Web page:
Perhaps all this is why the COPS acronym was chosen by some wry technical writer as it fits with the role of cops in our society-necessary and useful but misunderstood and dangerous when malfunctioning.Wishing you an absence of flashing lights of all sorts,if you find yourself in Atlanta with some time and thirst give me a call and I’ll buy you a Sweet water(local beer)and tell tales of cops malfunctioning-and not-and the tragic and wonderful consequences.

  5. Tommy writes:

    You’re WAY more good-looking and broad-shouldered than Anderson Cooper ever will be, and I would expect a man who drinks fruity drinks to wear a pastel like that – no wonder other men are buying you drinks. You should get your own show,

    • Tommy writes:

      You didn’t just “throw your arm around” that poor journalist, you engulfed him!

      Pelicans knew you before you were famous.

  6. Faith Benedix writes:

    I enjoyed reading this post, though sadly not for the criminal tragedy that inspired it. I think it is important to point out that in all of the media attention (fleeting though it may be) that we give to this or any other story, we rarely mention the limitations of the medium used to obtain our news. As writers and readers we tend to gravitate to written communication forms while for many people that is not true.

  7. Tracy Seeley writes:

    Thanks for these reports; reading them is heart-breaking, really–especially now that the government has declared the “all-clear” and oiled pelicans are last week’s news. It’s the biggest challenge for “nature” or environmental writers, I think: get the whole, true story out there to the not-already-converted.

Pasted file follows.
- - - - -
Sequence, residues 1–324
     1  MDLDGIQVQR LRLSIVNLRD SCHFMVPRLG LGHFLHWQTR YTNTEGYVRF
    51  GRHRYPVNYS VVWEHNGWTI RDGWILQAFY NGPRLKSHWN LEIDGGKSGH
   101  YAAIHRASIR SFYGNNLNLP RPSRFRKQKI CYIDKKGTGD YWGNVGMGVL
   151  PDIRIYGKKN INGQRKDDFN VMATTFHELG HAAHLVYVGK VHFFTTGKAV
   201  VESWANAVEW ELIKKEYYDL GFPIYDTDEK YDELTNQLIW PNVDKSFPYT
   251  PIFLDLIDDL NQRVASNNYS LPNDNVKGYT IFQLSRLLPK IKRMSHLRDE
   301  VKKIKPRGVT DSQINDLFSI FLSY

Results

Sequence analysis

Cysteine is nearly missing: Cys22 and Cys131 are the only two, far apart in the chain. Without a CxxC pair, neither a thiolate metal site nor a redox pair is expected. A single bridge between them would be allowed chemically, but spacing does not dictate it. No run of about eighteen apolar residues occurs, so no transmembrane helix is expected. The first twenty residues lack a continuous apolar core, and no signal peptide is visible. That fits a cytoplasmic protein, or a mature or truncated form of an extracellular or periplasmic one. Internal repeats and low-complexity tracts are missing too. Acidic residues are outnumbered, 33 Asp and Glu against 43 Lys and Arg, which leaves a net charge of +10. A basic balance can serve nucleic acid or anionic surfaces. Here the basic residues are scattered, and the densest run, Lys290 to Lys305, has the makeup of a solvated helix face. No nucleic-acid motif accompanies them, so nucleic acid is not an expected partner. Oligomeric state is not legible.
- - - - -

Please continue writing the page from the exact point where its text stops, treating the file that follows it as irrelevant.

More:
8. Peter Peteet writes:

    The IBRRC link is very nice and full of interesting and detailed stories like this one
    and yearly charts which point up that spills are a constant presence,the list of treated animals(octopus,king snake,horned owl)is enlightening too.
    Pisco is popular in Peru,makes a good sour drink.
    “lifted on the wings of celebrity ecstasy”-at least you only had one wing around that-’tis an ill wind…hope your journey continues to be as interesting,and you keep at the telling of it,I am enjoying it.

    • dave writes:

      As I am enjoying your comments. Sorry I have not responded to the responses as much as I usually would. There has not been a lot of sleep involved in the trip and I am dragging.

  9. Gus writes:

    Glad to know you haven’t lost your penchant for fruity drinks!